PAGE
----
There have been calls for the closure of a public park in Belfast following the discovery of dead and dying swans there linked to an outbreak of bird flu.

Politicians said they had taken hundreds of calls since last week from members of the public upset at the sight of distressed and sick birds.

A number of dead swans have been recovered.

The presence of avian influenza, or bird flu, has been confirmed amongst wildfowl in the Waterwork's off the city's Antrim Road.

It is a popular overwintering spot for a wide range of wildfowl, including up to 100 swans as well as large populations of gulls and geese.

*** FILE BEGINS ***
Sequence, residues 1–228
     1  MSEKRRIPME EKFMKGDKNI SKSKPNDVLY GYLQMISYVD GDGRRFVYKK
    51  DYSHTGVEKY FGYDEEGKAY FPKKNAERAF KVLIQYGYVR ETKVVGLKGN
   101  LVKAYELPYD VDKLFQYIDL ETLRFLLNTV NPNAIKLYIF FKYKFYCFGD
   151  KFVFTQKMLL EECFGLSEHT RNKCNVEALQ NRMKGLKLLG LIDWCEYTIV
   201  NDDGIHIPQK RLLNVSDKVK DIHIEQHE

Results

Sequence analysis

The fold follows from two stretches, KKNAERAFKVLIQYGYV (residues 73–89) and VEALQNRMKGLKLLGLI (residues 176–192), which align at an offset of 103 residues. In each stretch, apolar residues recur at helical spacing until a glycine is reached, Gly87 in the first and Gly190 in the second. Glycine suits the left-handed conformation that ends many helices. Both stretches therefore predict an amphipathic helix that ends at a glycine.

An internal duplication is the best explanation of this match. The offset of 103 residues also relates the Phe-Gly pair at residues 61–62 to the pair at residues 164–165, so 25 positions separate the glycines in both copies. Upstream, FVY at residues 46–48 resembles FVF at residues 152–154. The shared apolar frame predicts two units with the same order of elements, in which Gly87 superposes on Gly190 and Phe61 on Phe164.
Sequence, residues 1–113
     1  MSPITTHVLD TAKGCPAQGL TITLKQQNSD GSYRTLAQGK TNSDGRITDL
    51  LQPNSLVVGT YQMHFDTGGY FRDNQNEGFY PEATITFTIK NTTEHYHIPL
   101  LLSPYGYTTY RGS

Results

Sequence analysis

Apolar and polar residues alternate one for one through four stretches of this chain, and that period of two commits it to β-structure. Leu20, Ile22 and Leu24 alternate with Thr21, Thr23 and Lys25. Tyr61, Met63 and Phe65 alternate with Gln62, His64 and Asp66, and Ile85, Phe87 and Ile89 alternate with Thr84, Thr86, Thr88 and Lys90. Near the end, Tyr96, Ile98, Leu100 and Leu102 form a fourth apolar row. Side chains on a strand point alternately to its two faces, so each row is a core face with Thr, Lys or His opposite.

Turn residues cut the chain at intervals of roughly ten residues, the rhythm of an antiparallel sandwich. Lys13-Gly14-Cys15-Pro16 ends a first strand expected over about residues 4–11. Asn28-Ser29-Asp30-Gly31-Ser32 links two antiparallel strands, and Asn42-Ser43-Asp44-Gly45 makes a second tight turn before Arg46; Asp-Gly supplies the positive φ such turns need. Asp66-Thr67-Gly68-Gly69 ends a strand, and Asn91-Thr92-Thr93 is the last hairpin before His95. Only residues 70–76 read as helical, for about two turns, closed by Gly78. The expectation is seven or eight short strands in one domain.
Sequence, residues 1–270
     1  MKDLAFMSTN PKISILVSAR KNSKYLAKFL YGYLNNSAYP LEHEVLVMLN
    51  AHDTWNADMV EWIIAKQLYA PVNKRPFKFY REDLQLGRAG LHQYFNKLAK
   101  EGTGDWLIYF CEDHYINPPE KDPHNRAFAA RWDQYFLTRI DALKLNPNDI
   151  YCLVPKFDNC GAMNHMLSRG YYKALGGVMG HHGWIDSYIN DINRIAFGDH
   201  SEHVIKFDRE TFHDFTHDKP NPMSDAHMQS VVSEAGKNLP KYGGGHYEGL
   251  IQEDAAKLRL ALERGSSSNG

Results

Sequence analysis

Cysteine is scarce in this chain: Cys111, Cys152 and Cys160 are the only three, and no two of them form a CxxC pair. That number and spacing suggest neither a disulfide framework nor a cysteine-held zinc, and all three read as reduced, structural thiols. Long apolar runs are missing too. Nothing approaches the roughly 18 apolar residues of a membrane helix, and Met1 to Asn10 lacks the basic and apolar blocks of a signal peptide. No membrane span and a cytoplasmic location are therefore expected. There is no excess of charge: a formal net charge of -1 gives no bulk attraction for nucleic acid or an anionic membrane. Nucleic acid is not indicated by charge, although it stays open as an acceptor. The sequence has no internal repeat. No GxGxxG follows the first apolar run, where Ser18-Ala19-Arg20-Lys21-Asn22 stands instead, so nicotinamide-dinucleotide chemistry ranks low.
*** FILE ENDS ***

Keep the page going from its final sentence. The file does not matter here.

Sean Patrick Cummins who is a volunteer with an animal sanctuary said he was worried that if something wasn't done, the entire swan population in the park could be wiped out.

"We could take the ones who are healthy out, otherwise we're going to have no swans by the end of Christmas in this park and that's going to take years to build back up again."

The bird flu is carried by migratory birds and poses a risk every winter

There have been several confirmed cases of bird flu in commercial poultry flocks on both sides of the border. It has led to several large scale culls of turkeys, chickens and ducks.

The virus is carried by migratory birds and poses a risk every winter. It can be easily spread to both commercial and wild bird populations.

Sinn Féin councillor Conor Maskey said he had been trying to get guidance from officials about the best way of dealing with the issue at the Waterworks.

He said the closure of the park and a potential cull of sick birds were options which should be considered.

"At the minute the guidance is don't do anything until the swans die. I don't think that's acceptable."